And at the end of the day, my efforts were not in vain.
The Rewards of Doing Extra Work
Through the extra curricular activities, I was rewarded with abundance of ‘benefits-in-kind’ such as:
- I gained diverse range of knowledge and skills
- It created opportunities to work with different departments and strengthen camaraderie
- I expanded my network of acquaintances
- I met and got to know many great people and learned from them
And surprisingly, before I left, I received special ‘perks’ from the organisation in recognition of my efforts. Of course, I also received wonderful support from clients as well. Clients that I would be honoured to call friends, who do not hesitate to share with me their experience and knowledge. People I honestly miss.
Incidentally, it was those ‘extra-curricular activities’ and the support of amazing people, which led me to my current career. New horizon. Expand my field. More things to learn, definitely.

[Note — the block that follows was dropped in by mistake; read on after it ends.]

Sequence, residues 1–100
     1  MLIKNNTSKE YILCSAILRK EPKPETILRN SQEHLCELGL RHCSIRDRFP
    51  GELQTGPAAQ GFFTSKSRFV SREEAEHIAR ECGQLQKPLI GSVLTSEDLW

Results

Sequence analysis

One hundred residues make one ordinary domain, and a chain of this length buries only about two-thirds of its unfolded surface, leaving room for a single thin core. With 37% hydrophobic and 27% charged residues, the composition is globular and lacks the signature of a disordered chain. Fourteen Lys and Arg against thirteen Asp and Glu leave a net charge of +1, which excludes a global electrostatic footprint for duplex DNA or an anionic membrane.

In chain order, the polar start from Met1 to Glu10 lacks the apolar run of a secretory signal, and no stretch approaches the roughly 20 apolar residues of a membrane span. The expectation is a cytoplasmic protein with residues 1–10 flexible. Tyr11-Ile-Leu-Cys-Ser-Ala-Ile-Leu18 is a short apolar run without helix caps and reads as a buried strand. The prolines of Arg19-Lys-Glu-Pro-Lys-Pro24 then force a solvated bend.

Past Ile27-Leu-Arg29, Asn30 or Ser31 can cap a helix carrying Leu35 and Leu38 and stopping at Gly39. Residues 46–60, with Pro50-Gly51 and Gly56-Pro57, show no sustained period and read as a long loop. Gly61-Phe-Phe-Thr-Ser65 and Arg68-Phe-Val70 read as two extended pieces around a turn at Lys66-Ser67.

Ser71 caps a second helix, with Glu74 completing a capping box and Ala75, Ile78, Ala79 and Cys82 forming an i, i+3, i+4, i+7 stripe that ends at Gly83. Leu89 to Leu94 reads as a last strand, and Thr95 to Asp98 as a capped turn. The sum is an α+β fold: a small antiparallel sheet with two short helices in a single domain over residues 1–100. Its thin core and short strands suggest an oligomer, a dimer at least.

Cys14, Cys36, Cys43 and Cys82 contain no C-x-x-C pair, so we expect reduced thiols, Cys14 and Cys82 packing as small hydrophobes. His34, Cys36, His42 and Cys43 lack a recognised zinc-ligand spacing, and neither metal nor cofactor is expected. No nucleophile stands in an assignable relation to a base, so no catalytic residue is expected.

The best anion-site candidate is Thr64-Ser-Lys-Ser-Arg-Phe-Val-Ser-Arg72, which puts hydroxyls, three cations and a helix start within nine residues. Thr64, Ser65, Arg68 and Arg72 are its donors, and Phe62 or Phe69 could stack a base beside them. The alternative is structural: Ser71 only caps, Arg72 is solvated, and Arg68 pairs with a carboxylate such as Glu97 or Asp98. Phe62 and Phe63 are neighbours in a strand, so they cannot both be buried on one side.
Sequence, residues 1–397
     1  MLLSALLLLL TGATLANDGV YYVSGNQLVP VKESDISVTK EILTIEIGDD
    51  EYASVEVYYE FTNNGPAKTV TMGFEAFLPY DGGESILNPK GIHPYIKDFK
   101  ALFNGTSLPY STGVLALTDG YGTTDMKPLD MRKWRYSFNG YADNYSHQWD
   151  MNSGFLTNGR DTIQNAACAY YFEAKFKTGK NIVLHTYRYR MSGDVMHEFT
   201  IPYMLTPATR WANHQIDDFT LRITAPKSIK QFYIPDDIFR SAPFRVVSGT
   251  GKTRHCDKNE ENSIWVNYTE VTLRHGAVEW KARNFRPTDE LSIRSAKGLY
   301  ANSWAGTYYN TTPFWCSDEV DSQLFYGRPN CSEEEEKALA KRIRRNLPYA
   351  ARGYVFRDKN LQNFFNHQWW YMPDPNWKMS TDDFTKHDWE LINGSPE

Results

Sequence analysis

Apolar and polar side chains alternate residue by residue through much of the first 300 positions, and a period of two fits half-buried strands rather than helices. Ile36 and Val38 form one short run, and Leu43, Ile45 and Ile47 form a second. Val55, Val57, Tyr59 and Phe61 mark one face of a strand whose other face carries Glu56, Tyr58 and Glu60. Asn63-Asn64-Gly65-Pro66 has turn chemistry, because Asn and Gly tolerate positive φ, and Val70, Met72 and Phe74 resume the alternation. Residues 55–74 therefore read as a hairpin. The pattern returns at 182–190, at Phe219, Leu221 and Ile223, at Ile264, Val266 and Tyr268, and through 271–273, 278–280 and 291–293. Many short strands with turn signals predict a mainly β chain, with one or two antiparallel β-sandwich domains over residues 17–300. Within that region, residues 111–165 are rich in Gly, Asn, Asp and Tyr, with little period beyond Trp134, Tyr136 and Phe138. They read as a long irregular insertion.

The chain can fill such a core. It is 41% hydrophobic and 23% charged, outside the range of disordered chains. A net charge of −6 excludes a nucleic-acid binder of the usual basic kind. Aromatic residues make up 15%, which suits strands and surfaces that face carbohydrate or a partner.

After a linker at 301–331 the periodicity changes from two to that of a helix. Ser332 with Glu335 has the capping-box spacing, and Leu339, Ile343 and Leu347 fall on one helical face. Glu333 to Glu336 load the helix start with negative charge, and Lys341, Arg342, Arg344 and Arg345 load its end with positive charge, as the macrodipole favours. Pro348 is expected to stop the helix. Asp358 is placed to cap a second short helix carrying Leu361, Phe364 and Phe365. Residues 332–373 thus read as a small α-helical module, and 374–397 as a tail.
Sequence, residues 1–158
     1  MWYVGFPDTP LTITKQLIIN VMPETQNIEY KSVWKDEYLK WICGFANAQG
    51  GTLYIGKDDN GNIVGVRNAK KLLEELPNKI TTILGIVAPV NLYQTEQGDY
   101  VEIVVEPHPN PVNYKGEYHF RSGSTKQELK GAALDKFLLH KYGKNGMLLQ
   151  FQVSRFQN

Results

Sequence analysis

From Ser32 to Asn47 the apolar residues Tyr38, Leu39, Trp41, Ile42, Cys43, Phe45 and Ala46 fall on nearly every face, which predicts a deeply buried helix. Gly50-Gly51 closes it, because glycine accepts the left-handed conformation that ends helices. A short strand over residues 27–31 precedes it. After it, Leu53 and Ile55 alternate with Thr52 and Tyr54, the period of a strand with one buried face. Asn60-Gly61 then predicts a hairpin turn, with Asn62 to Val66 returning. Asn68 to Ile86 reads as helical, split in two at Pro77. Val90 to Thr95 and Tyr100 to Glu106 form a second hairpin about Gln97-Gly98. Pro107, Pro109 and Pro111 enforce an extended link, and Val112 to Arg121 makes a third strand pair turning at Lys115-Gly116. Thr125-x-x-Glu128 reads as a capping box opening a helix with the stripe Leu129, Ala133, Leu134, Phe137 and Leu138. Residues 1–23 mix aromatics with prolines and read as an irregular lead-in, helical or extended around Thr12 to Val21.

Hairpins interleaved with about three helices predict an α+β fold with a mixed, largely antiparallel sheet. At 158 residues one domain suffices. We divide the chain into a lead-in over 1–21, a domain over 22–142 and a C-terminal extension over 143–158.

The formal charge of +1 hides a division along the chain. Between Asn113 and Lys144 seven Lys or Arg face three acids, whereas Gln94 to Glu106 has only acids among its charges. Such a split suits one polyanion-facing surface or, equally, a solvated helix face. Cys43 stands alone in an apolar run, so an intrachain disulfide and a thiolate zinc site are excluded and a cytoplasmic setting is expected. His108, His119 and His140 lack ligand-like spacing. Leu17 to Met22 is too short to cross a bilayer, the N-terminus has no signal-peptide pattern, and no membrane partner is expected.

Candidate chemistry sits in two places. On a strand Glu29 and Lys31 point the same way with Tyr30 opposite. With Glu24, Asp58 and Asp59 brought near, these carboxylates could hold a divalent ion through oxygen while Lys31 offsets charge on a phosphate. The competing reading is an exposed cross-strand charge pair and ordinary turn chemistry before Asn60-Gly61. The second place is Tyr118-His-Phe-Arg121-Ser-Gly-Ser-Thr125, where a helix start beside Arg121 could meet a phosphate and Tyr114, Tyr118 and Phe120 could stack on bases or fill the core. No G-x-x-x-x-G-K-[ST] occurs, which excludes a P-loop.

Lifelong Learning with TED Talks and LinkedIn Learning
Reading is good. Practice is better. Taking courses and participating in seminars with an inquiring mind are awesome.
Lucky for us, there are many conferences and lessons available online. The rates are also more affordable. Of the many online learning platforms, I would like to encourage all to venture into the world of TED Talks and LinkedIn Learning.
Among the many course topics available at LinkedIn Learning
For personal and professional development and mind-expanding ideas, I would recommend:
LinkedIn Learning is an online learning platform for professional development. You can learn at your own pace, place and time. It’s paid subscription, but occasionally, there are also free courses available. Or you can also signup for the 1 month free trial period to determine whether it’s the thing for you.